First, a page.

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US Coin Bullion Postponed Due to Coronavirus

Court case

August 6, 2020 | 

675 Views | 

JOHN K MWANIKI | 

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The U.S. Commodities Futures Trading Commission (CFTC) filed a civil enforcement action on January 8, 2020. They were charging U.S. Coin Bullion LLC's owners with misappropriation of funds. The U.S. District Court filed the charge for the Middle District of Florida.

Salvatore Esposito and Joseph Esposito are the owners of U.S. Coin Bullion LLC. The charges levelled against them were:
•    They engaged in fraudulent solicitations. This is in connection with the alleged acquisition of precious metals.
•    They embezzled over $7.9 million of customer funds. 


This charge is part of CFTC's actions in policing precious metals transactions. CFTC claims the company violated the Commodity Exchange Act and Commission Regulations. The charge seeks to ban the two men from registering with CFTC.

It also seeks to bar them from trading in CFTC-regulated markets. The indictment also seeks to have the defendants compensate their clients. The two men were controlling persons of the company. Hence, the CFTC considers them liable for the violation of the Act and Regulation.

Summary of the complaint against U.S. Coin Bullion

The U.S. Coin Bullion operated from at least 2012 to July 2019 as a retail precious metal dealer. It claimed that they sold precious physical metals to customers for the full price of the metals. They petitioned customers by phone, the internet, and U.S. mail.

They told these customers that they would get and store these metals for them. They also promised hefty pay-offs in return.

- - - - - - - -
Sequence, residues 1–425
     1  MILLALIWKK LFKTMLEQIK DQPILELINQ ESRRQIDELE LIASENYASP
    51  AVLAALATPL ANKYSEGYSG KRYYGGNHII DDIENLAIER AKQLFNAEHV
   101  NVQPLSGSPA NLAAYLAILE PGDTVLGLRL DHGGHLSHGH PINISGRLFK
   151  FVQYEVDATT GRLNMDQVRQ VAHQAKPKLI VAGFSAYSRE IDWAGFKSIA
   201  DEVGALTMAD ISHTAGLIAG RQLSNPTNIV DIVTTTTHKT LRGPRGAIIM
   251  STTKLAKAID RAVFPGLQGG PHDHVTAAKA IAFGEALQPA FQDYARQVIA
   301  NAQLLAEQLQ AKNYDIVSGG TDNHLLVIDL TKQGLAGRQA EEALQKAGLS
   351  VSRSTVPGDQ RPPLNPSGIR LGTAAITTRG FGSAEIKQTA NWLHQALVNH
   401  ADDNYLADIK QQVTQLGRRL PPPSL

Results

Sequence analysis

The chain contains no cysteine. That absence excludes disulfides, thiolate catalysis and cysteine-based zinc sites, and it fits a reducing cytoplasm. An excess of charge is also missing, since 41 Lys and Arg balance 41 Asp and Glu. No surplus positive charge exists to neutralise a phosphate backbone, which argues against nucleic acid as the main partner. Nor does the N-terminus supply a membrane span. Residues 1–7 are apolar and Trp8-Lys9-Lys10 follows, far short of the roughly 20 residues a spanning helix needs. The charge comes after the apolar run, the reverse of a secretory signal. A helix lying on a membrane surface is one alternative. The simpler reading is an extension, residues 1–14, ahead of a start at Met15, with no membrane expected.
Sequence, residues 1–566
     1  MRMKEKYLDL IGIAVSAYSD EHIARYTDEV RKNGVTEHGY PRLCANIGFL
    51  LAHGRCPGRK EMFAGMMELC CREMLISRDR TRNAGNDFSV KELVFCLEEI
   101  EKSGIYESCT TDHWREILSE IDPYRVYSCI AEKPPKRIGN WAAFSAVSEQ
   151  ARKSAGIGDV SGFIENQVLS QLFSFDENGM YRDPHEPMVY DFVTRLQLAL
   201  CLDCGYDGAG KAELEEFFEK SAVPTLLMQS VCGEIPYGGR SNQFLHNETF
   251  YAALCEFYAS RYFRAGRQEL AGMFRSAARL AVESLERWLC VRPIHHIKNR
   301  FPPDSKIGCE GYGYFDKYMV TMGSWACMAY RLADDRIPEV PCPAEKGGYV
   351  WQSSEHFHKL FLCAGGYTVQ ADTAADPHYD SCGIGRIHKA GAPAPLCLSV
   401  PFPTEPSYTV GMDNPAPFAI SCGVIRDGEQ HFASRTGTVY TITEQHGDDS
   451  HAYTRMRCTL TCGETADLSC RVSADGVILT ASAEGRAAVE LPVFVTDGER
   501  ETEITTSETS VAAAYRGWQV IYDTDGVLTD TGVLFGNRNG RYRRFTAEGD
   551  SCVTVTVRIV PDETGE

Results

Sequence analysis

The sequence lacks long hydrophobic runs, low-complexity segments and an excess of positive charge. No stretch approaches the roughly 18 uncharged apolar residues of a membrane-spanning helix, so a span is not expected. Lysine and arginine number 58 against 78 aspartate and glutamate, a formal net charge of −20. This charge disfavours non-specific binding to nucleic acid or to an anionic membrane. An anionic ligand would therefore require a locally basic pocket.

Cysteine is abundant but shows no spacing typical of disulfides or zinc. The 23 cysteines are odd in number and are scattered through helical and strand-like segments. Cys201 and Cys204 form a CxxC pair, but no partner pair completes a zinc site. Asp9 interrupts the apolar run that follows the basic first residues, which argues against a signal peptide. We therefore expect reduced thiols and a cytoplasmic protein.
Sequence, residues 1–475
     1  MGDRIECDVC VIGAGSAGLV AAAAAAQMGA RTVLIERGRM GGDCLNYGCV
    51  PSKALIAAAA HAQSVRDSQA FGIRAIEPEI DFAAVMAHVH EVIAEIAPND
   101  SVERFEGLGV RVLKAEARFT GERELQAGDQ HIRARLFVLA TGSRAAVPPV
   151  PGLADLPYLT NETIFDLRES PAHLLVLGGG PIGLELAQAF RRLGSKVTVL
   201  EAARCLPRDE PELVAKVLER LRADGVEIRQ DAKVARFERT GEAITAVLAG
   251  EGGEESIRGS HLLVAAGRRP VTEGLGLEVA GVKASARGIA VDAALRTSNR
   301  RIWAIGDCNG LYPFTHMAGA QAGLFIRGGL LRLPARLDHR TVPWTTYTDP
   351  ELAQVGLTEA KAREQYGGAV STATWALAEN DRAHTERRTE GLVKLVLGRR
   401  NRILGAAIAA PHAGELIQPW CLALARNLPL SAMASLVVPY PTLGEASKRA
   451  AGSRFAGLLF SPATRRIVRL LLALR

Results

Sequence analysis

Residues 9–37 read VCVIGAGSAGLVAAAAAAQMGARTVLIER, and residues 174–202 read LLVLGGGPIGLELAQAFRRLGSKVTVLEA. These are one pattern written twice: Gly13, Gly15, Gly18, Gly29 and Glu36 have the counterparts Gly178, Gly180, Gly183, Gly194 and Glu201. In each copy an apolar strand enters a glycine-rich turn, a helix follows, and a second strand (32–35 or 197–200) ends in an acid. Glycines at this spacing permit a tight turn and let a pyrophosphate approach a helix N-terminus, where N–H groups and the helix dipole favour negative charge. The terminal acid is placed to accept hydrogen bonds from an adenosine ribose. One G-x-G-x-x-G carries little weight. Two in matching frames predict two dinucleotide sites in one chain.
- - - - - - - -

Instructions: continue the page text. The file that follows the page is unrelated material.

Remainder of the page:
Customers had many ways to buy metals. They could open an account on the company's website then fund the account. The company received funds through:
•    Interstate wires
•    Credit card payments and 
•    Checks sent in the U.S. mail. 


At least 120 customers received buy orders and account statements from the company. These falsified orders and reports claimed that
1.    The U.S. Coin Bullion had bought precious metals on their behalf.
2.    The U.S. Coin Bullion had organized to store the purchased metals at a depository.

A few customers opted to store their purchases themselves. They were not included in this complaint. 
Yet, the company did not buy any precious metals. The company embezzled over $7.9 million they received from the customers.

They used the entire amount to pay for personal and business expenses. They also operated as a Ponzi scheme. They used money from new customers to pay earlier customers who requested for withdrawal. They also used it to trade leveraged metals with third-party precious metal dealers. 

Where did the money go?

They used part of the money to pay for company expenses and to pay out withdrawals. The company also bought silver for itself. By 2016 at least, the company was using its customers' funds to buy millions of dollars' worth of silver.

They took out loans to buy silver on margin. They then used the customers' money to pay for the storage fees of this silver and to pay the interest on the loans. By buying the silver on margin, they were subject to margin calls. That was if the silver's market price declined.